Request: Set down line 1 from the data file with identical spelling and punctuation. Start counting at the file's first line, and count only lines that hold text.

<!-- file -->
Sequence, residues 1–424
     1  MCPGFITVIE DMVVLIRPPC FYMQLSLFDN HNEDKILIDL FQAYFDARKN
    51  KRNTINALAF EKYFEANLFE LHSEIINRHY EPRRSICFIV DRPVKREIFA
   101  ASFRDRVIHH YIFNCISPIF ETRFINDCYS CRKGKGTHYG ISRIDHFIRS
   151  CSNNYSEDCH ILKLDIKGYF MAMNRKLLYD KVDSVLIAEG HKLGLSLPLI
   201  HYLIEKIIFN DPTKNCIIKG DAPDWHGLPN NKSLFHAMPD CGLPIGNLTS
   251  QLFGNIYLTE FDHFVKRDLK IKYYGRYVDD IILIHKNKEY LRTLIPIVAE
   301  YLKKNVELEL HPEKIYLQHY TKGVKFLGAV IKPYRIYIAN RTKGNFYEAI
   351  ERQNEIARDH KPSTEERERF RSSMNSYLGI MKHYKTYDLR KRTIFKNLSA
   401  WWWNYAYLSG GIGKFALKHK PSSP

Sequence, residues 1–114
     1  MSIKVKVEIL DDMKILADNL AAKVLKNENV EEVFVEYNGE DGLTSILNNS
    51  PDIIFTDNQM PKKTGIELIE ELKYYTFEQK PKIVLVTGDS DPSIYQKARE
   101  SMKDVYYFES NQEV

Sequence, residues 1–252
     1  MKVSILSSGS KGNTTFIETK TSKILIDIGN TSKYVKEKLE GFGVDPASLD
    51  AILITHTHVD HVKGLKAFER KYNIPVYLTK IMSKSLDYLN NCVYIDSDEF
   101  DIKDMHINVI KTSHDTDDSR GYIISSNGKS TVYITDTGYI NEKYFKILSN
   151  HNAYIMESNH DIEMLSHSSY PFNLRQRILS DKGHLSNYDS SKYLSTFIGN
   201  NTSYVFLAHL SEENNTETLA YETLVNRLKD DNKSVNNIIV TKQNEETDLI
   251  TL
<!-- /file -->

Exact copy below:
Sequence, residues 1–424